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D: Direction, Decision, and Discipline
D: Direction, Decision, and Discipline
by Lynn Seiser
01-16-2012
D: Direction, Decision, and Discipline

Breathe in, direction
Breathe out, decision
discipline

I often tell people there are only three factors to consider in life: what do you really want in life, what do you have to do to get it, and then to get up every day and do that.

Sounds simple doesn't it? Like most things, it is easier said than done. But it is easier done than not done, but the temporary inconvenience of doing it is easier than the long term consequences of not doing it. All successful people will tell you the same thing. If you do not have a plan to succeed then you are already planning to fail.

So what do you want? What do you really want? In Aikido and in life? What?

direction: (1) management -- instructions given on how to get to a place or how to do something, (2) way -- points or orients, (3) development, (4) a feeling of having a definite goal or purpose

I remember finally learning that I was not very goal oriented. When asked what I wanted in life, I had to admit that I really didn't know. Okay, I knew I wanted to be healthy, happy, successful, and above all loved. I supposed that was a good enough goal. The problem was when I found them, finally achieved some degree of my goal, I would destroy it. Only to start over and work towards the exact same goal again. This goal oriented didn't seem to work for me.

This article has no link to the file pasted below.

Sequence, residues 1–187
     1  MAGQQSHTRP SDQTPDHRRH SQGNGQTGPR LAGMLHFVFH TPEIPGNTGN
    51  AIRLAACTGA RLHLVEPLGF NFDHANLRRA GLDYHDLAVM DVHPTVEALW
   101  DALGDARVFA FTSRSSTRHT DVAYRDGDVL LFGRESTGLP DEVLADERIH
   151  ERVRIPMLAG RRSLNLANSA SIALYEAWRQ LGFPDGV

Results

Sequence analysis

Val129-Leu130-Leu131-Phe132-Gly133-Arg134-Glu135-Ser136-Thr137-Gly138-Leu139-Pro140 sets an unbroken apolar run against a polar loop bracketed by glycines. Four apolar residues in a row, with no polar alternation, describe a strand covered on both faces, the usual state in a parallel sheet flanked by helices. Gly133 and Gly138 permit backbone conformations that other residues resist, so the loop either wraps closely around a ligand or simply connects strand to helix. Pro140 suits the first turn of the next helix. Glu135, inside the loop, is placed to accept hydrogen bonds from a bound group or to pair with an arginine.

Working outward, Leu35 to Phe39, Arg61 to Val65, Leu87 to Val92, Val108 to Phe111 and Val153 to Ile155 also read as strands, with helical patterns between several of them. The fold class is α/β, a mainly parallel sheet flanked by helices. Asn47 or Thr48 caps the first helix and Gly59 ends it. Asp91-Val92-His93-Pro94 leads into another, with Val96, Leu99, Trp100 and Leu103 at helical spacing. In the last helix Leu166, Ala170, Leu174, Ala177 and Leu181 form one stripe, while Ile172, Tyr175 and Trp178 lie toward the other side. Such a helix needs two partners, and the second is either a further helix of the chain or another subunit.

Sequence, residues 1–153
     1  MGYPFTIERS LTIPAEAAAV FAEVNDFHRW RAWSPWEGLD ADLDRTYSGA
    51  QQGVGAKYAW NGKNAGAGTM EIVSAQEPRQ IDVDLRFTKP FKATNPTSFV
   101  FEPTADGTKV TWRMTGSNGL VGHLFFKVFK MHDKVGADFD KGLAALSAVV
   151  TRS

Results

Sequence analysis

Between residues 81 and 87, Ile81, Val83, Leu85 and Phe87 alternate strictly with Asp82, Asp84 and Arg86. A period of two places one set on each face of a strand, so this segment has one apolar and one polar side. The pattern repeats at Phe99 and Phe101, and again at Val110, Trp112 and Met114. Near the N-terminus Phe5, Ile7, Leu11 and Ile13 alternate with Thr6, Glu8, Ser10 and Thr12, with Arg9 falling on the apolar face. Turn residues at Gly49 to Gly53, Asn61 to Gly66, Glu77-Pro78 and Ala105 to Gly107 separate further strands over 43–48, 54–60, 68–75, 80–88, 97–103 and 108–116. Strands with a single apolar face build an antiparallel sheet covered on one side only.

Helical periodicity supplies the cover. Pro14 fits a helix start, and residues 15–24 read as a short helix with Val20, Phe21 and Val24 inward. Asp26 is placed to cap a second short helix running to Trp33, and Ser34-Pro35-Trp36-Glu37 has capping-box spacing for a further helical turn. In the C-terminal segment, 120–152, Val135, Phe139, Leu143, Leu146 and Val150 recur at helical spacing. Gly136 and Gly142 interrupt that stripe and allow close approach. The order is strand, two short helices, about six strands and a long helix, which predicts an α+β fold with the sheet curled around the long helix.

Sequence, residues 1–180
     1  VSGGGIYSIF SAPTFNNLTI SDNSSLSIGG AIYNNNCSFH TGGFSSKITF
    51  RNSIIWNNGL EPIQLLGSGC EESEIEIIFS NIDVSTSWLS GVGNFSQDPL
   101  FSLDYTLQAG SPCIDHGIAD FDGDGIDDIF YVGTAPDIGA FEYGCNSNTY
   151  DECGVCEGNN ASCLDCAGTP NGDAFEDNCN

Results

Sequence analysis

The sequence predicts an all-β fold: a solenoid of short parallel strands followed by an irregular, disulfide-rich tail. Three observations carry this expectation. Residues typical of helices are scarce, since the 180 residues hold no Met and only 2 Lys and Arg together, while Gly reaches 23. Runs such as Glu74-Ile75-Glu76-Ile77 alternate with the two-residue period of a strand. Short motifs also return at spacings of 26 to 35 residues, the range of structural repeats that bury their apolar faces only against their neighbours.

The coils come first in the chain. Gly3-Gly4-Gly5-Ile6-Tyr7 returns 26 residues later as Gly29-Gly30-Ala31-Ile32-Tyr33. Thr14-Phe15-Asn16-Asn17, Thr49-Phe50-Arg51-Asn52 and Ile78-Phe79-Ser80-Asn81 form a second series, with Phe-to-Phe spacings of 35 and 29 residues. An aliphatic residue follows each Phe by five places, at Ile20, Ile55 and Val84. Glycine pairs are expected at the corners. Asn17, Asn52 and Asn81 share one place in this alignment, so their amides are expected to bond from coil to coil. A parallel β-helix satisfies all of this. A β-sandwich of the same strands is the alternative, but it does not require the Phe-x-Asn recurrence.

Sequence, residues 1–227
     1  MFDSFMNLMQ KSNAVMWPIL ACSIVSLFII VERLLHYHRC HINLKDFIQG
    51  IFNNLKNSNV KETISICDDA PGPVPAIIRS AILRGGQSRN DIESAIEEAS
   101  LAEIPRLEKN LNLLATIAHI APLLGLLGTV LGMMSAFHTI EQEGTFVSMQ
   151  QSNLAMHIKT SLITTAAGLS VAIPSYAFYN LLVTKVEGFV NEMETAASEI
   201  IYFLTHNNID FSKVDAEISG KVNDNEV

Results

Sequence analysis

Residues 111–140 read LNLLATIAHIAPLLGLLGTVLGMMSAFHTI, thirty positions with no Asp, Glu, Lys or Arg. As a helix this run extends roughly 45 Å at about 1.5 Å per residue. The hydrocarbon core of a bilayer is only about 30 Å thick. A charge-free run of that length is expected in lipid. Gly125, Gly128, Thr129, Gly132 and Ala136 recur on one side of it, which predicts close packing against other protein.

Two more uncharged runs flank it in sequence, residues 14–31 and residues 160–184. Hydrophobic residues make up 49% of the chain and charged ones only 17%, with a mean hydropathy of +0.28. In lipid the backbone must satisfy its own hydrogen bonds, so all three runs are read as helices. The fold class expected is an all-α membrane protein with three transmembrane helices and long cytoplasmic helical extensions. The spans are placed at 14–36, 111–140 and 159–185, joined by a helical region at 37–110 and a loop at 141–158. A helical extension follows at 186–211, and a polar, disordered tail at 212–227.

I see a lot of people do this in their Aikido training. They set their sights on that black belt. That is their goal. That is what they want. They don't want the training that goes into it, the time, the patience, the humility. They want the goal, the end result, not the process of getting there. And once there, now what, drop out. This is a problem in any behavioral health issue where people want to lose weight and get in shape but they don't want to watch their nutrition or have to break a sweat. Everyone wants to be a rock star, but few people will really learn to play guitar. Everyone wants that Ph.D.; they just don't want to have to go to school to get it. Everyone wants the skills and magic of an Aikido master, but they don't want to have to do what it takes to become one.